Rare Moustached Kingfisher "Collected" From the Field Stirs Ethical Controversy
There is nothing more rewarding for ornithologists than finding a new bird species. Many scientists studying birds are accustomed to waiting patiently in forests for an avian friend to fly by or sing a characteristic tune, and Christopher Filardi, of the American Museum of Natural History (AMNH), is one such enthusiast. After searching high and low in what he calls "the remote highlands" of Guadalcanal in the Solomon Islands, Filardi finally came across the bird he had been searching more than two decades for: the moustached kingfisher.
"We search for them in earnest but they are seemingly beyond detection except by proxy and story," Filardi wrote in his AMNH blog. "They are ghosts, until they reveal themselves in a thrilling moment of clarity and then they are gone again. Maybe for another day, maybe a year, maybe a century."
Finding a male moustached kingfisher in the wild was a profound discovery, according to Filardi. While not much is known about this bird species to date, Filardi successfully captured an all-blue-black male with a bright orange face in nets he set up across the forest.
After taking the first-ever documented photos of a male moustached kingfisher, Filardi "collected" the bird, or rather killed it, for further scientific study. His actions have since brewed quite a bit of controversy.
"To search for and find an animal of a rare species -- an individual with feelings, interests, a home, and perhaps a mate -- only to kill him is perverse, cruel, and the sort of act that has led to the extinction of other animals who were also viewed as 'specimens,'" Colleen O'Brien, Senior Director at People for the Ethical Treatment of Animals (PETA), told the Daily News. "All that was needed to document this rare bird was compassion, awe, and a camera, not disregard and a death warrant."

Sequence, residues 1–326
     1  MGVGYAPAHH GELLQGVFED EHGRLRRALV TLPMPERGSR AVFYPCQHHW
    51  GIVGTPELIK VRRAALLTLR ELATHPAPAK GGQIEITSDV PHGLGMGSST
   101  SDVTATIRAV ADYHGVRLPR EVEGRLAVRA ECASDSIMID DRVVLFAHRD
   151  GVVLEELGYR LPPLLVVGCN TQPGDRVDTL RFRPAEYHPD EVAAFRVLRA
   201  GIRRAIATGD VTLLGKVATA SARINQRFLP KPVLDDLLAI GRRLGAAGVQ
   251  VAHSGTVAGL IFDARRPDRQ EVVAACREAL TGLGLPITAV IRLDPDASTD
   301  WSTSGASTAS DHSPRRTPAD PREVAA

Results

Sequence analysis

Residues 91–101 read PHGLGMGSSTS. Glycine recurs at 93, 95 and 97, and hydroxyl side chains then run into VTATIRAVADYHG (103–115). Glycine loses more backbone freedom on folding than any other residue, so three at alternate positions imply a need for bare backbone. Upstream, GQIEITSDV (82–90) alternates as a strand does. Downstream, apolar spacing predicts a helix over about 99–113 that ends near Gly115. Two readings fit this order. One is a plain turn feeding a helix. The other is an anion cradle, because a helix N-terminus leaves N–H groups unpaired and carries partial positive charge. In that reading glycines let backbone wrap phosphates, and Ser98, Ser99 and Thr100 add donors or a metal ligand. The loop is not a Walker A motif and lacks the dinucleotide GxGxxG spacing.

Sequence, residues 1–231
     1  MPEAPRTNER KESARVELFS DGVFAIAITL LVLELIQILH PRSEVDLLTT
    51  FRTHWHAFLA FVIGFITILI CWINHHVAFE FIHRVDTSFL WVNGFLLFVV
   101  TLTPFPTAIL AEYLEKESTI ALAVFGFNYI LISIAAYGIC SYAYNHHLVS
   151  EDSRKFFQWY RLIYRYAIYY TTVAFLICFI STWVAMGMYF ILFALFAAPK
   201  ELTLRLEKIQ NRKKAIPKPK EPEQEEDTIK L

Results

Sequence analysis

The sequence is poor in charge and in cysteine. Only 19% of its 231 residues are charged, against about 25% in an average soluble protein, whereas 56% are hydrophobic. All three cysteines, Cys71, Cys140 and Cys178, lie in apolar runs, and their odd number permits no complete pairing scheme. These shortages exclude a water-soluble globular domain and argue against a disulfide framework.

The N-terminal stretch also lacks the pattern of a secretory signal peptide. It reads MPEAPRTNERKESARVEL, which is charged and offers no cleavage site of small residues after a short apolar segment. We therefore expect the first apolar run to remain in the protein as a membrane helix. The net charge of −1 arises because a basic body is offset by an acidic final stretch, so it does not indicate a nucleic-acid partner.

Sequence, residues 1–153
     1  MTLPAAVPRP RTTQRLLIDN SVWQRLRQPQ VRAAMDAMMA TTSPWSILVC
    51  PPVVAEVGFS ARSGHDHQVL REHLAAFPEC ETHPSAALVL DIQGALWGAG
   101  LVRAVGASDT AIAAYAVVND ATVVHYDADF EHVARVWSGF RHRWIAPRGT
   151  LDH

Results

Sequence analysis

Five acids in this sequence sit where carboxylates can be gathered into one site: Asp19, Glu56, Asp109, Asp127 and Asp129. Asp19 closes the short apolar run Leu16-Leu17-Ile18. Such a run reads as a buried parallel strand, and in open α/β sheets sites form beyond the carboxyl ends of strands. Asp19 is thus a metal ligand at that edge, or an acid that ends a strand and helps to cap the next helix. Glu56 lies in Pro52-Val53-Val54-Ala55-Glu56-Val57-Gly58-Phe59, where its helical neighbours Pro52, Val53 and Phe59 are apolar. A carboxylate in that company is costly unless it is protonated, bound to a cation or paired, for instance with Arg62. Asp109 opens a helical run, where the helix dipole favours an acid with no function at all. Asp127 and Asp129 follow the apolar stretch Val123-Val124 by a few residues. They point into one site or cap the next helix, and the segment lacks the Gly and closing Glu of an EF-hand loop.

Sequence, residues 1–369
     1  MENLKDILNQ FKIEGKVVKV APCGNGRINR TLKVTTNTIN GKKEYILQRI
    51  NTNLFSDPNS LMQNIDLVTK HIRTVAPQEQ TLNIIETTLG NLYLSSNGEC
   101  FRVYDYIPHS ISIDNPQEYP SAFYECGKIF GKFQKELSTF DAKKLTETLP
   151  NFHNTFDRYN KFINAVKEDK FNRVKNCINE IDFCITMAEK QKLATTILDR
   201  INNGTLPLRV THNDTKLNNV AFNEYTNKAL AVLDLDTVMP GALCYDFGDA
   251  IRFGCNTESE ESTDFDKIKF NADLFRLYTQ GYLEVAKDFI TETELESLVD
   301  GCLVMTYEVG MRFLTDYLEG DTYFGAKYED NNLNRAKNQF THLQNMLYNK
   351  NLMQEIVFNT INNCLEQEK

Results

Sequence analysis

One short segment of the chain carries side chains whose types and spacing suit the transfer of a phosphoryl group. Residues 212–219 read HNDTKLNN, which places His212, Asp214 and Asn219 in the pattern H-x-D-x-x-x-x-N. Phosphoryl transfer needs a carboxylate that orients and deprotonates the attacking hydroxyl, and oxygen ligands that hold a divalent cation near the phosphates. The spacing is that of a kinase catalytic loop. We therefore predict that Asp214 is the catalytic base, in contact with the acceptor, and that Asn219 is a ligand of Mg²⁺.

However, Filardi explained the reasoning behind the decision he made. While it was not an easy choice, he hopes that by killing this one kingfisher he might be able to save them all, according to The Washington Post.
"I have spent time in remote, and not so remote, forests of the Solomon Islands across nearly 20 years," Filardi told Audubon. "I have watched whole populations of birds decline and disappear in the wake of poorly managed logging operations and, more recently mining. On this trip, the real discovery was not finding an individual Moustached Kingfisher, but discovering that the world this species inhabits is still thriving in a rich and timeless way."
With this discovery, scientists will be able to better understand the species and its changing environment. And rather than sitting in the field and waiting for a single bird to fly by, researchers have a specimen they can directly preform tests on. However, the ethical basis of this decision and whether it was most beneficial to the fragile species will continually be debated, especially since so many other species have suffered from being "collected" for scientific purposes.
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